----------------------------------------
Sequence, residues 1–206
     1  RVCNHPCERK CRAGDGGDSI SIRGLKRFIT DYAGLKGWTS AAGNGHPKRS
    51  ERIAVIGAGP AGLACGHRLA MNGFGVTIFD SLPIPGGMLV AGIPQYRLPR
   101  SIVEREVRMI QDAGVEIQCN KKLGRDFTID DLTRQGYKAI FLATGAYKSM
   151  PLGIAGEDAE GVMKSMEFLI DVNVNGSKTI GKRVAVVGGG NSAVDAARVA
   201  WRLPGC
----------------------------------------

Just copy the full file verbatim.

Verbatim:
Sequence, residues 1–206
     1  RVCNHPCERK CRAGDGGDSI SIRGLKRFIT DYAGLKGWTS AAGNGHPKRS
    51  ERIAVIGAGP AGLACGHRLA MNGFGVTIFD SLPIPGGMLV AGIPQYRLPR
   101  SIVEREVRMI QDAGVEIQCN KKLGRDFTID DLTRQGYKAI FLATGAYKSM
   151  PLGIAGEDAE GVMKSMEFLI DVNVNGSKTI GKRVAVVGGG NSAVDAARVA
   201  WRLPGC